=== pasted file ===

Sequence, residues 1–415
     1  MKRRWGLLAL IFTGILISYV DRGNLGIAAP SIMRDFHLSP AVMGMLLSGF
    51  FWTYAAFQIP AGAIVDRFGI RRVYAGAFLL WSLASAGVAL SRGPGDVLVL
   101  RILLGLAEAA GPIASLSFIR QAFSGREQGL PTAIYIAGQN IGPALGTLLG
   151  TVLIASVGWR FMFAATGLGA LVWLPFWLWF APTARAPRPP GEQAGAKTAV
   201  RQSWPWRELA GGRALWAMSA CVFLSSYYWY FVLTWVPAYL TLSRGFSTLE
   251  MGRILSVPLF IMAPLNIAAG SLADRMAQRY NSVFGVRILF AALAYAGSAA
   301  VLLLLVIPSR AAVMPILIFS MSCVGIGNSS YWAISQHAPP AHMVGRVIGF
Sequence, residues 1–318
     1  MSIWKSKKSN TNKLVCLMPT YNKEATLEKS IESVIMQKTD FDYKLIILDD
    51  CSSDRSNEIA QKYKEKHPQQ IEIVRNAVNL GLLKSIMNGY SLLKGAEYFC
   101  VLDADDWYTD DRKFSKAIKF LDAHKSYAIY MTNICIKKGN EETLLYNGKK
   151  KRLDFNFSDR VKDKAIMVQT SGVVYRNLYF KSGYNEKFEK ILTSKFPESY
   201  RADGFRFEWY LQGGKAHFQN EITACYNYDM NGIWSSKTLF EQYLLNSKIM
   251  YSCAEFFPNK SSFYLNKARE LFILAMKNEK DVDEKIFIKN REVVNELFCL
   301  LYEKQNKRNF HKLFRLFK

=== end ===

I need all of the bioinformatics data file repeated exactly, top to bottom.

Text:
Sequence, residues 1–415
     1  MKRRWGLLAL IFTGILISYV DRGNLGIAAP SIMRDFHLSP AVMGMLLSGF
    51  FWTYAAFQIP AGAIVDRFGI RRVYAGAFLL WSLASAGVAL SRGPGDVLVL
   101  RILLGLAEAA GPIASLSFIR QAFSGREQGL PTAIYIAGQN IGPALGTLLG
   151  TVLIASVGWR FMFAATGLGA LVWLPFWLWF APTARAPRPP GEQAGAKTAV
   201  RQSWPWRELA GGRALWAMSA CVFLSSYYWY FVLTWVPAYL TLSRGFSTLE
   251  MGRILSVPLF IMAPLNIAAG SLADRMAQRY NSVFGVRILF AALAYAGSAA
   301  VLLLLVIPSR AAVMPILIFS MSCVGIGNSS YWAISQHAPP AHMVGRVIGF
Sequence, residues 1–318
     1  MSIWKSKKSN TNKLVCLMPT YNKEATLEKS IESVIMQKTD FDYKLIILDD
    51  CSSDRSNEIA QKYKEKHPQQ IEIVRNAVNL GLLKSIMNGY SLLKGAEYFC
   101  VLDADDWYTD DRKFSKAIKF LDAHKSYAIY MTNICIKKGN EETLLYNGKK
   151  KRLDFNFSDR VKDKAIMVQT SGVVYRNLYF KSGYNEKFEK ILTSKFPESY
   201  RADGFRFEWY LQGGKAHFQN EITACYNYDM NGIWSSKTLF EQYLLNSKIM
   251  YSCAEFFPNK SSFYLNKARE LFILAMKNEK DVDEKIFIKN REVVNELFCL
   301  LYEKQNKRNF HKLFRLFK